The Ferrari 640 was very far ahead of its time on a technological level. Even though the complicated gearbox was woefully unreliable, every time it actually worked the scarlet machine showed blistering speed. As a result the fickle 640 was one of the few cars that could actually run with the seemingly untouchable McLaren MP4/5.

For 1990 Ferrari would seek to improve the sequential gearbox with the 641, an evolution of the 640. By 1996 all cars running in the F1 field had incorporated the concept, securing the Ferrari 640's legacy as an incredibly unlucky technological icebreaker.

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Comments (8)

  • John Barnard said later that most of the retirements stemmed from losing power to the gearbox electronics. The alternator belt kept coming off due to crankshaft vibrations and it took a lot of time to fix on the dyno, they finally did it by using high-speed photography. The box itself was apparently pretty robust.

      3 years ago
  • Great article, as always. I'll add an amusing true story: Piero Lardi-Ferrari, the Commendatore's son, felt he was being sidelined by the new administration that FIAT had put in place after his father passed away and, along with a bunch of Ferrari engineers who weren't pleased with John Barnard (a foreigner and, worst of all, an english man!) being given total control of the team's technical efforts, decided to design and built an entirely new car, with a classic manual shift. When Cesare Fiorio, the team's then manager, and the powers that be found out, they weren't exactly happy and Piero's dreams of running his father's business on his own were dead for good...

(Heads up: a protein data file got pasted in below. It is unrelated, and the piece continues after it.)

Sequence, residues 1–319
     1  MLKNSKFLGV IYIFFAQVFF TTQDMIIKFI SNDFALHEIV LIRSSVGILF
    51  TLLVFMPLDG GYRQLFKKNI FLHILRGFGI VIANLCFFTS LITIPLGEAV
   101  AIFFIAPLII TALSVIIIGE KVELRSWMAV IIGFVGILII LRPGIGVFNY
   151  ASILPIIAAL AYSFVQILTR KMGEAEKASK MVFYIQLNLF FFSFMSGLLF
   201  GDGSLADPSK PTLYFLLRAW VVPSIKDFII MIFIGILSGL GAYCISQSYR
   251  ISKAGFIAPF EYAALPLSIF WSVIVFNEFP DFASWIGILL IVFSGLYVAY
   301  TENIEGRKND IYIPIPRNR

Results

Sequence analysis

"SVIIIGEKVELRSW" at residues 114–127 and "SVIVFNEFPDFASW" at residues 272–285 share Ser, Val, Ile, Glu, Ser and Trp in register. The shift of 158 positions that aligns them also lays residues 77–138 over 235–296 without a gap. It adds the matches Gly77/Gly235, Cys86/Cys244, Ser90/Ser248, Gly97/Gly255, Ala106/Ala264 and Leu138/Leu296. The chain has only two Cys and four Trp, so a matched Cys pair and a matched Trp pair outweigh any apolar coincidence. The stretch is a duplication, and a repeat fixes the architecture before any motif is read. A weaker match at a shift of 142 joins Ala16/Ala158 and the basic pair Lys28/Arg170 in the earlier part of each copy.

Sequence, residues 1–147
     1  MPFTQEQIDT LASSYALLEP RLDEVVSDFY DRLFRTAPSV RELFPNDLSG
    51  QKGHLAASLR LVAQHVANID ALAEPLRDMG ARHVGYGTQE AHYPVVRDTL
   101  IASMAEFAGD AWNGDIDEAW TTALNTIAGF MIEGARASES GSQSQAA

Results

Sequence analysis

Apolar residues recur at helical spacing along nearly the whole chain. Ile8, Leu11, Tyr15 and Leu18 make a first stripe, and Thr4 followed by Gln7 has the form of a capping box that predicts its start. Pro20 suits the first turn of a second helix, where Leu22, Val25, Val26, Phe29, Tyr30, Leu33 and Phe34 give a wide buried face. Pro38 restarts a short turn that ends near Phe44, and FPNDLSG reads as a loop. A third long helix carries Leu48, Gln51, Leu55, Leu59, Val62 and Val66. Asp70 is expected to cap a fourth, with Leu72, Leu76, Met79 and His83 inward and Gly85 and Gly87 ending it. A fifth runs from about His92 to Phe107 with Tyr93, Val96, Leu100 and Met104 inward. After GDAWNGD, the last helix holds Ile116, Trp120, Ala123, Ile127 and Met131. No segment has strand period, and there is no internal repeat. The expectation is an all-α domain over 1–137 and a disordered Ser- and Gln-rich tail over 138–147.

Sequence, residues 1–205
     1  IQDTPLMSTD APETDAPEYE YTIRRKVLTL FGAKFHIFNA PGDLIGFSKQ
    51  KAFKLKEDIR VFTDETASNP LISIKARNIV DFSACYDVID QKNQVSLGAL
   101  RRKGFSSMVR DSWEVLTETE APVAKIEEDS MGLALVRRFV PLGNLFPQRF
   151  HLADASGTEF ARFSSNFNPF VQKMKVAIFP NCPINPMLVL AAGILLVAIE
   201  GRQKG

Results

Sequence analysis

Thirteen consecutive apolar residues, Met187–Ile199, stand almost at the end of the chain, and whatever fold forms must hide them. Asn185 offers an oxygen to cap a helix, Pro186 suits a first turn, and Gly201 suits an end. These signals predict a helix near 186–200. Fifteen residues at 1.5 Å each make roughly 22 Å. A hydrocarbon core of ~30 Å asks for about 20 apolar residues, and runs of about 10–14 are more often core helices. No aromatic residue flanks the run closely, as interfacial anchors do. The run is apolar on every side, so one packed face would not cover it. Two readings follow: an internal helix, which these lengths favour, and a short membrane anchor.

2 years ago
  • Great article and very informative. I believe the early nineties were the best years in Formula 1. These cars look stunning and sound like nothing before or ever since.

      4 years ago
  • Ferrari 640/1 are among the best looking F1 ever. Surely very fast but somewhat unlucky, they deserved more in my opinion.

      4 years ago
  • a great and informative read as always! keep up the fantastic work!

      4 years ago